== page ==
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5 ways to take feedback like a pro

Updated: Jun 21, 2021

Newsflash, copywriters! “Feedback” is not a four letter word.


I know it feels that way sometimes, but it’s not. Learning to accept feedback (and even critique) is essential to not only becoming a better copywriter, but also to being a better teammate.


But it can be hard. I know. Especially at the beginning.


So I want to offer 5 tips that come from years of experience adjusting to new ways of thinking about work. When you can take feedback like a pro, you’ll get better jobs, better clients, and… you’ll be a stronger writer for it.


5 Ways to Take Feedback Like a Pro


1. Have a Learner’s Mindset


The word “mindset” gets thrown around a lot. But it’s REALLY important when you’re in the world of creative professionalism. You need to set yourself up for constant and never-ending improvement and learning.


It’s easier said than done, but when you put your work out there, try to think of every draft as just that... a draft.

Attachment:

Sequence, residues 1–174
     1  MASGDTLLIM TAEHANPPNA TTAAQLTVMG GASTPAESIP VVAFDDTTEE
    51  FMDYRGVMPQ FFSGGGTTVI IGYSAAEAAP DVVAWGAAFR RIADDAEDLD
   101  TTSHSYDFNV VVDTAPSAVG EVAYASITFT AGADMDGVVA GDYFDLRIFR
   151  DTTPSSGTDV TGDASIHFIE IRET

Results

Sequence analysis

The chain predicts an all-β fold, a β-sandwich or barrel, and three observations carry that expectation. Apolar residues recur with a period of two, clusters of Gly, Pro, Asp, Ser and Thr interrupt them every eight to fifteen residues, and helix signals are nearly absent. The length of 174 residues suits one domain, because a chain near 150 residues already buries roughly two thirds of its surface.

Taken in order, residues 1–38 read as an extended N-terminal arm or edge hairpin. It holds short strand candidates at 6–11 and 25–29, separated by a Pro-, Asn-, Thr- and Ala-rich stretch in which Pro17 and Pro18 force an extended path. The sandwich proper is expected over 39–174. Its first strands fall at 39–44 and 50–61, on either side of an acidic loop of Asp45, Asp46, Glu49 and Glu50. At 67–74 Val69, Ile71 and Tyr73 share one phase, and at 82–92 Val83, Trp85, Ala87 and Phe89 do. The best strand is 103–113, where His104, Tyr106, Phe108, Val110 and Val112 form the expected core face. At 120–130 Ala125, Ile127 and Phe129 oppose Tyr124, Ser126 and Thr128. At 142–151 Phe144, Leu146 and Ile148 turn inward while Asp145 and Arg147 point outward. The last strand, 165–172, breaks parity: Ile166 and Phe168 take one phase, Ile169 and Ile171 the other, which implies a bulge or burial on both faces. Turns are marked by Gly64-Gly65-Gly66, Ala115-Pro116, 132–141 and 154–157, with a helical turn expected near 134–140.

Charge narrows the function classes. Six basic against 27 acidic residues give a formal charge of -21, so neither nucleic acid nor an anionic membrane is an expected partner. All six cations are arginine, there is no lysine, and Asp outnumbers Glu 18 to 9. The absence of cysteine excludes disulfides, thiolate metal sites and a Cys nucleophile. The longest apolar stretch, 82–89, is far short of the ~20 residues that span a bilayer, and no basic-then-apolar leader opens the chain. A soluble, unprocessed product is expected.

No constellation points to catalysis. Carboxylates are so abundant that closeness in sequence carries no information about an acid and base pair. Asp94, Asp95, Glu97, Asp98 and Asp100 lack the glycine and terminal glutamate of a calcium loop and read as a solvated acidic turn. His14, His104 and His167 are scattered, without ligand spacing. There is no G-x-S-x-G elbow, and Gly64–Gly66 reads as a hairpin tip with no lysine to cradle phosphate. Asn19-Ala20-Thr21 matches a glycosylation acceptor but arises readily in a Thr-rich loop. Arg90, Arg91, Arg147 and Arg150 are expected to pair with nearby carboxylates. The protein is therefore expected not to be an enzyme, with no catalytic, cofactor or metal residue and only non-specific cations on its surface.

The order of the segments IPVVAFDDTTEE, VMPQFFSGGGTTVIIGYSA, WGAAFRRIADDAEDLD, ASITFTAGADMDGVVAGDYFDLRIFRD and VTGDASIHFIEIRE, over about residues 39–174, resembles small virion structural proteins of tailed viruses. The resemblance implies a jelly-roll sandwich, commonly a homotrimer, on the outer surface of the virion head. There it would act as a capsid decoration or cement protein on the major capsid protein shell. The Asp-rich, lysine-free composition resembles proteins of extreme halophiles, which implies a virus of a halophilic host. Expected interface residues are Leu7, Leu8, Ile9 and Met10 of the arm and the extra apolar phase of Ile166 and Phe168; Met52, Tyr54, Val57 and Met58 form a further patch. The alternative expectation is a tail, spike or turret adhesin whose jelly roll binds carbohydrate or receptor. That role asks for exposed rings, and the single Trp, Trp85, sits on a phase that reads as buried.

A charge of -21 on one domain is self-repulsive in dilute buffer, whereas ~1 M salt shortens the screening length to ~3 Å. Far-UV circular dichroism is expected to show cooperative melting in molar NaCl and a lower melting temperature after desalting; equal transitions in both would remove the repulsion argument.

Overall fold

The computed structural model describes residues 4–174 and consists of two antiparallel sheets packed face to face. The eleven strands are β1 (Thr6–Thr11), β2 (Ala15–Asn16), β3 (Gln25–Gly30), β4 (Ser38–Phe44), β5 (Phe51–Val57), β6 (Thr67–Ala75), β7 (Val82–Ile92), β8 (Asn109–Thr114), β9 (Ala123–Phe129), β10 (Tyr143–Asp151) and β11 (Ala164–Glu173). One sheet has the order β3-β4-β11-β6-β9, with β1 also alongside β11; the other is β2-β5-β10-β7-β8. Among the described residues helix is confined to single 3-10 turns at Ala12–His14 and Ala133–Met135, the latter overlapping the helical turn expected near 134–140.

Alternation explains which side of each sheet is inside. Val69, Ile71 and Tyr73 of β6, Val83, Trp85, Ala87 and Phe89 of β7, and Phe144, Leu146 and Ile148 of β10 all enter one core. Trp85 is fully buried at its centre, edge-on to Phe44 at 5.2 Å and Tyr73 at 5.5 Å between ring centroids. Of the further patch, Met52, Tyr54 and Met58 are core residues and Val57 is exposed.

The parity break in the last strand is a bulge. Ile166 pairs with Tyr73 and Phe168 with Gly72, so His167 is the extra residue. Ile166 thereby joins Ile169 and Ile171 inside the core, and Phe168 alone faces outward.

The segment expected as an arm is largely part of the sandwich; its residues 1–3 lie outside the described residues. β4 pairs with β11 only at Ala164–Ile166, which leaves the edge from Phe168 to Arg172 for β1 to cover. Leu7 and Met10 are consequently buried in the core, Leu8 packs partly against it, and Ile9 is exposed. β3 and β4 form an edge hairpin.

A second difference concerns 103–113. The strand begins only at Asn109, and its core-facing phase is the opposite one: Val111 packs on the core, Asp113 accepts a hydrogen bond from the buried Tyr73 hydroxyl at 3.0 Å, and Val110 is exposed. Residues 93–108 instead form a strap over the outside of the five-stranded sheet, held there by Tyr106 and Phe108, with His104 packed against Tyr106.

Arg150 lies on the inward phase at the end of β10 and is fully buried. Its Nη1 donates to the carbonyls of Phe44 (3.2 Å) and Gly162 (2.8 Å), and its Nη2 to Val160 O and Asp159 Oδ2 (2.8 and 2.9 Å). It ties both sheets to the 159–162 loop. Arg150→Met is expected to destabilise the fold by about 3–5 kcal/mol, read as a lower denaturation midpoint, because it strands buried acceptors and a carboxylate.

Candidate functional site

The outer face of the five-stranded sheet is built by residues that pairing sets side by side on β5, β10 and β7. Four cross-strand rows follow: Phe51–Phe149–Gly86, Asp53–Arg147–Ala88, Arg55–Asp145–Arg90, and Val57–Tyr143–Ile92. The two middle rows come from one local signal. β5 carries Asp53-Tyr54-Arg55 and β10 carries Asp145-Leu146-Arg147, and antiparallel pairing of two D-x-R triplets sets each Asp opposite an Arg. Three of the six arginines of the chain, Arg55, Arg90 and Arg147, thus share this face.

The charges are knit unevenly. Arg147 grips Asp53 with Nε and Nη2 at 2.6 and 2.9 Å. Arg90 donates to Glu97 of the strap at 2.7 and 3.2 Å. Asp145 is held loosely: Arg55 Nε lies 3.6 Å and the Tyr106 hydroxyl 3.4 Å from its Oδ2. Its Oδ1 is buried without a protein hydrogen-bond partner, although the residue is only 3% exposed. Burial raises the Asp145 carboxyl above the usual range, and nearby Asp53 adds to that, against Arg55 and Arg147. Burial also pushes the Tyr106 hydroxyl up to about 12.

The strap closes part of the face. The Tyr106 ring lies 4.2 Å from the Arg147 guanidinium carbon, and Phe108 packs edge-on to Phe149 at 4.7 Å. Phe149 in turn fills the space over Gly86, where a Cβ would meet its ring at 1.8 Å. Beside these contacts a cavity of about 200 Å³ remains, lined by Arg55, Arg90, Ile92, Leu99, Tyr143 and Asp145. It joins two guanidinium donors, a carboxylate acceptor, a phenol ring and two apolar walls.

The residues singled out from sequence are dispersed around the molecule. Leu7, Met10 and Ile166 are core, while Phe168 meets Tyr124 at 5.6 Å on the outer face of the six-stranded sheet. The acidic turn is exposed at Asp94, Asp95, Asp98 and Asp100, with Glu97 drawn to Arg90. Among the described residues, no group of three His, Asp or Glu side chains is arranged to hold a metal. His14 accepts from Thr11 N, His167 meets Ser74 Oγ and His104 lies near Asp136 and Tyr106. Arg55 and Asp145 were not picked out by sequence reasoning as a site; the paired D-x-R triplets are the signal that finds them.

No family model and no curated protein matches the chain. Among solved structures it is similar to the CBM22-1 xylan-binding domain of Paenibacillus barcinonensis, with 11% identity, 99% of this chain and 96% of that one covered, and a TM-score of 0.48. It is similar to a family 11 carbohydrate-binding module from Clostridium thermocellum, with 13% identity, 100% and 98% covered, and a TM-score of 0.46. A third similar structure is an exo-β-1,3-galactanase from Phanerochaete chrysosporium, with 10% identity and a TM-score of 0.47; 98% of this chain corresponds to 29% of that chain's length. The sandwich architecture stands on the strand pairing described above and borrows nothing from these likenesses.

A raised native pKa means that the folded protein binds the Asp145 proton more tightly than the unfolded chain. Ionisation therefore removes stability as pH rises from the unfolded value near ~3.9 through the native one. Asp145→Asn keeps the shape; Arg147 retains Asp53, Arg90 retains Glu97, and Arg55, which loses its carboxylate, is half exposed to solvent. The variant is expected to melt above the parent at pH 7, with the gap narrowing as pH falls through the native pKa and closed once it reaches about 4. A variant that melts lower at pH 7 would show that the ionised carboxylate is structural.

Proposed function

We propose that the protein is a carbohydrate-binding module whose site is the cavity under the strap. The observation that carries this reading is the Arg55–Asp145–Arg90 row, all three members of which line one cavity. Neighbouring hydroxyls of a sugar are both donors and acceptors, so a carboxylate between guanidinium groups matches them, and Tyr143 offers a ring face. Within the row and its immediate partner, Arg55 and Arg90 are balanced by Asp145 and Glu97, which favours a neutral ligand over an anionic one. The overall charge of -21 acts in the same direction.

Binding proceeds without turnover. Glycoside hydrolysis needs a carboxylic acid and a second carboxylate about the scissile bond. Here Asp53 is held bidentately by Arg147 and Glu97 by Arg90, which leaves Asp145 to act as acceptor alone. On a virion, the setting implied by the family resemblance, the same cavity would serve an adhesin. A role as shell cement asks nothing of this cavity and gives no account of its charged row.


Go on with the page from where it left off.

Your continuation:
The whole point of putting your words down on paper (or really, yet another Google doc LOL) is so you can learn from the input and expertise of others. In fact, some of the most skilled copywriters I know actually pay to have their work torn apart and reconstructed in expensive masterminds and workshops.



So what makes the difference between accepting advice gracefully or having your ego fight to the death?


Your attitude.


That’s right. You have the power to determine what you learn and how you grow.


You can decide to filter valuable information vs. not-so-great information – without taking it as an insult to your talent.


Try to remember that no one on this earth knows everything. Not even Deepak (although he’s pretty close!).


Dissolving the ego is an essential part of fine-tuning your craft – at any point in your life and career.


You have to expect you’ll be wrong sometimes. (And learn the skill of pretending to be surprised when someone tells you you’re right lol).



Your ego HATES being wrong, but there are so many ways to push through it. That nagging voice doesn’t want to help you... it wants you to stay stuck where you are. It wants you to fight to prove that you know everything. So, accept right now that you don’t (and you won’t) and let’s keep it moving.


2. It’s Not All About You


It’s important to develop yourself as a writer. But the reality is when you work for someone else, it’s not about you. It’s about them.


You're being hired to complete the tasks and projects required of you, which is why it’s so important to choose who you work for wisely.


Choosing the right boss and team can motivate you to do some of your best work. And if you don’t, you’ll struggle as a creative, which leads to resentment and drama…